Figure 1 shows the effect of PMS concentration on WAS dewaterability. The dewaterability of WAS was enhanced significantly after the oxidization treatment by the ZVI-PMS system. The CST reduction rate was increased from 20% to 52% while the PMS concentrations increased from 0 g/g TSS to 0.1 g/g TSS at a ZVI concentration of 2 g/g TSS. Meanwhile, the dissolved iron from ZVI also increased from 23 mg/L to 670 mg/L with the increased PMS concentrations from 0 g/g TSS to 0.1 g/g TSS while the addition amount of ZVI was kept at 2 g/g TSS.

Figure 1

Effect of PMS concentration on WAS dewaterability, along with the dissolved iron from ZVI. The ZVI concentration was 2 g/g TSS.

Figure 1

Effect of PMS concentration on WAS dewaterability, along with the dissolved iron from ZVI. The ZVI concentration was 2 g/g TSS.

According to Equation (1), ZVI could be dissolved and formed Fe(II) in the presence of PMS. As shown in Equation (2), Fe(II) was the catalyst for the generation of sulfate radicals. Obviously, the increased addition of PMS led to the higher release of Fe(II), which further transformed more PMS ion into sulfate radicals. Therefore, the increased production of sulfate radicals could oxidize sludge flocs and increase the dewaterability of WAS accordingly.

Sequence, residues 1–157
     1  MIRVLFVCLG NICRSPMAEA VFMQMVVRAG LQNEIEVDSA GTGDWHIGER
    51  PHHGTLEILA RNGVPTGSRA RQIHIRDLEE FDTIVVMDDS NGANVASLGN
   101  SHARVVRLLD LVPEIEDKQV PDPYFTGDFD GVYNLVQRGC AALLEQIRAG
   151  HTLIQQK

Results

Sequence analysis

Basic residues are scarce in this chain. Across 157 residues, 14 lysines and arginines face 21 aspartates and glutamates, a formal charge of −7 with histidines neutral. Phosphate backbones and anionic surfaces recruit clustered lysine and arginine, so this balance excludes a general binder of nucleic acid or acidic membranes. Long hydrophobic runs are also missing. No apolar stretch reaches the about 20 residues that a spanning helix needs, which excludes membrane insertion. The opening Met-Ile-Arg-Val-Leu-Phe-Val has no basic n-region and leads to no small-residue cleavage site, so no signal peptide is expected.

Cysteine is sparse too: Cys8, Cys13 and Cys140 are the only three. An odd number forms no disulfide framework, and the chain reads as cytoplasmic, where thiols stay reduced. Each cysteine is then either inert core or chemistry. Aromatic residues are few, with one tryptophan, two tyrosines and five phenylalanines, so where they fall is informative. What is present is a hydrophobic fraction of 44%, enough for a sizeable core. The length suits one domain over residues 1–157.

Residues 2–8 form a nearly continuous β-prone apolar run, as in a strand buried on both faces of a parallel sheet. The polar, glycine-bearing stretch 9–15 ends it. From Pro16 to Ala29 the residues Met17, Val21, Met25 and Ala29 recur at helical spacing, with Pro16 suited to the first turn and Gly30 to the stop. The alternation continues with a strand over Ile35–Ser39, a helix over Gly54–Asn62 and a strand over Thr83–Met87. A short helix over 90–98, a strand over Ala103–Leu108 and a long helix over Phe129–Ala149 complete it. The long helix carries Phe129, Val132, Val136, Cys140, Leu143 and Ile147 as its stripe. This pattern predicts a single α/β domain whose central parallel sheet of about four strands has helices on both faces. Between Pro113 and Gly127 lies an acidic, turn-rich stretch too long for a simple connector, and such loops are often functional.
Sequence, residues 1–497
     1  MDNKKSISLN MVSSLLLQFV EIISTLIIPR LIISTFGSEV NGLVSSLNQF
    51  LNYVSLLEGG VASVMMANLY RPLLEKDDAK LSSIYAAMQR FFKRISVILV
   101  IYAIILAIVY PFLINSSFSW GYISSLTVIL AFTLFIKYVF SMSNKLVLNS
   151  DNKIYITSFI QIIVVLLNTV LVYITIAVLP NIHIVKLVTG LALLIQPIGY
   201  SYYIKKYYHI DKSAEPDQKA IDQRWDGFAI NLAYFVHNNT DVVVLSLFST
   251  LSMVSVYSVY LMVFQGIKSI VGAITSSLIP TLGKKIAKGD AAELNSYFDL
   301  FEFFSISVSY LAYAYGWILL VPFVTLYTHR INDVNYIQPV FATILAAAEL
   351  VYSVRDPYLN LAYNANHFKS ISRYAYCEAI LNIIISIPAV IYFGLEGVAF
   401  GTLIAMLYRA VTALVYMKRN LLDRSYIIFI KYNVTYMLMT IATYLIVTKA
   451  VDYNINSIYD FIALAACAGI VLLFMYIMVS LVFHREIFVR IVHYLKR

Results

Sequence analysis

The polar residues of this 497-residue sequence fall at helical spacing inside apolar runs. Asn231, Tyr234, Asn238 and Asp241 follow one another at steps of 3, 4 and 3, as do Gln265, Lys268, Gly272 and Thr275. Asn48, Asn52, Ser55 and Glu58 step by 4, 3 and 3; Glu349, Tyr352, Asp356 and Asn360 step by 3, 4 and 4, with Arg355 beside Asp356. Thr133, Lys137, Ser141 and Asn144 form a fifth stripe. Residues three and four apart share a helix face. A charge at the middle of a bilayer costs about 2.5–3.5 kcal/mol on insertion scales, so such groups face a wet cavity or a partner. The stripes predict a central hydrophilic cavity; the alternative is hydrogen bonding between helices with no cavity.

However, a further increase of PMS addition did not lead to the obvious enhancement of sludge dewaterability. When the addition of PMS increased from 0.1 g/g TSS to 0.25 g/g TSS, the reduction rate of CST did not significantly increase (p > 0.05) and remained at around 52%. Interestingly, the reduction rate of CST was found to decrease from 52% to 40% while the concentration of PMS was further increased from 0.25 g/g TSS to 1 g/g TSS although the dissolved iron concentration increased from 2,470 mg/L to 8,870 mg/L. It is possibly due to the fact that excess addition of PMS ion could be consumed by the reaction with Fe(0) (see Equation (1)), and therefore less PMS ion would be available for sulfate radicals production and Fe(II) consumption (see Equation (2)).

It was also found that the CST reduction rate reached 20% while only 2 g/g TSS of ZVI was added in WAS (i.e. in the absence of PMS). A similar phenomenon was also reported by previous studies (Zhou et al. 2015b). This was possibly due to the reductive characteristics of ZVI, which could react with sludge flocs and transform the sludge structures.